News Release

More Winners Than Losers in NI Rates Reform - UU Expert

15th June 2005

There will be more winners than losers when the new changes in the domestic rates are introduced in Northern Ireland, according to a University of Ulster built environment expert.

Dr William McCluskey of the UU’s School of the Built Environment says the proposals will introduce a more equitable way of collecting rates and do away with the many anomalies in the present rating system.

“The rating system in Northern Ireland has remained almost unchanged since it was introduced in 1852. The rateable value of domestic property is currently based on the rental value of the property but in the future it will be based on the capital value of the property,” explained Dr McCluskey.

Although over 70% of houses in Northern Ireland are owner occupied and the private rented sector represents only a small proportion of the housing stock, domestic rates are currently valued on the basis of rental values in the late ‘sixties, which was the last time domestic property was all revalued.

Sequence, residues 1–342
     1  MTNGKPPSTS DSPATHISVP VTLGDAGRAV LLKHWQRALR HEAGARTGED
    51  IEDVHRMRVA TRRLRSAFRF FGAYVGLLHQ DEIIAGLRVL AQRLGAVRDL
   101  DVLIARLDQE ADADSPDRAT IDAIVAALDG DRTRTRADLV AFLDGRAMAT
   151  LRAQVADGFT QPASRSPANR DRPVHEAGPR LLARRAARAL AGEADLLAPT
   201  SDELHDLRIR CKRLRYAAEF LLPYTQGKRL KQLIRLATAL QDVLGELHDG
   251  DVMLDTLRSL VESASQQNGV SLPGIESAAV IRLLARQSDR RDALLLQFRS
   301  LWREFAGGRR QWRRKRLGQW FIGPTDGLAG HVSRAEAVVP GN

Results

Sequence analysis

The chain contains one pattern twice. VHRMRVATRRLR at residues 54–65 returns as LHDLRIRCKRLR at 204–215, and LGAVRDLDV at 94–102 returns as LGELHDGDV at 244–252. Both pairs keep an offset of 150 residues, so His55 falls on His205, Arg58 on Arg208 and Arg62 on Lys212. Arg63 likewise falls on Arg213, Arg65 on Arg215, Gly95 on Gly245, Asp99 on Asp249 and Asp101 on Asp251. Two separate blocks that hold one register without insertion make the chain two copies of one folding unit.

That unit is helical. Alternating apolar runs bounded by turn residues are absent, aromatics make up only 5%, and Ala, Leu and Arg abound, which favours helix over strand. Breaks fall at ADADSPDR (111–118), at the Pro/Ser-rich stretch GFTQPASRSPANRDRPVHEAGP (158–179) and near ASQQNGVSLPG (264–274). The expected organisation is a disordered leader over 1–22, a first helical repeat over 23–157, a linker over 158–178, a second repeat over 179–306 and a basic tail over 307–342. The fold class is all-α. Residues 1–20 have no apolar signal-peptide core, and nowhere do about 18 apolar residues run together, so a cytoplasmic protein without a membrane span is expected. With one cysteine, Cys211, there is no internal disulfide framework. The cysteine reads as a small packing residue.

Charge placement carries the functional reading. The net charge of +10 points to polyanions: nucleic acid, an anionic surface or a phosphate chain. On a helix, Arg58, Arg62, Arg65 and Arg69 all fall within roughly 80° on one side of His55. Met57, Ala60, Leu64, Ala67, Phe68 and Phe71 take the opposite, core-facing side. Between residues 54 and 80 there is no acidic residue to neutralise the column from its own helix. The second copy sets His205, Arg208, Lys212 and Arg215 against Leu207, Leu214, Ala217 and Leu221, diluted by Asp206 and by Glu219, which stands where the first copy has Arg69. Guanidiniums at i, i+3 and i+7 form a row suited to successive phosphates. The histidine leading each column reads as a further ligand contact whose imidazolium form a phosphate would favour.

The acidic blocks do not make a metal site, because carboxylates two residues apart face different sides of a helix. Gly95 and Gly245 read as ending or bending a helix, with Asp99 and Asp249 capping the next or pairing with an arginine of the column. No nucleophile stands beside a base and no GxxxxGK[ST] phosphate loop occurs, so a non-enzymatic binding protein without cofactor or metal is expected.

“Because the valuation list is well out of date, there are significant anomalies in the way the rates burden is distributed among householders.”

He continued: “The proposed changes will be much more equitable. Our research has shown that for about 60% of householders, there will be either no change or a reduction in their rates bill. Other householders though could find their rates bill increasing, even doubling when their property is revalued. The overall effect in terms of the money generated by the rates will be ‘revenue neutral’.”

Dr McCluskey admitted that the capital rateable value of property was something of a double edged sword.

“Householders generally look to have their property valued as high as possible when they are trying to sell, but if their house has increased in value far more than the average house they could be facing a big increase in their rates bill.”

He continued “The government do, however, propose to soften the effect of any large rate bill increases by introducing a system of transitional relief.”

Dr McCluskey and his UU colleagues Lay Cheng Lim and Peadar Davis are delivering a paper at a conference in Dublin this week hosted jointly by the International Real Estate Society and the European Real Estate Society. The title of their paper is: “Residential Property Taxation in Northern Ireland - A Question of Reform.”

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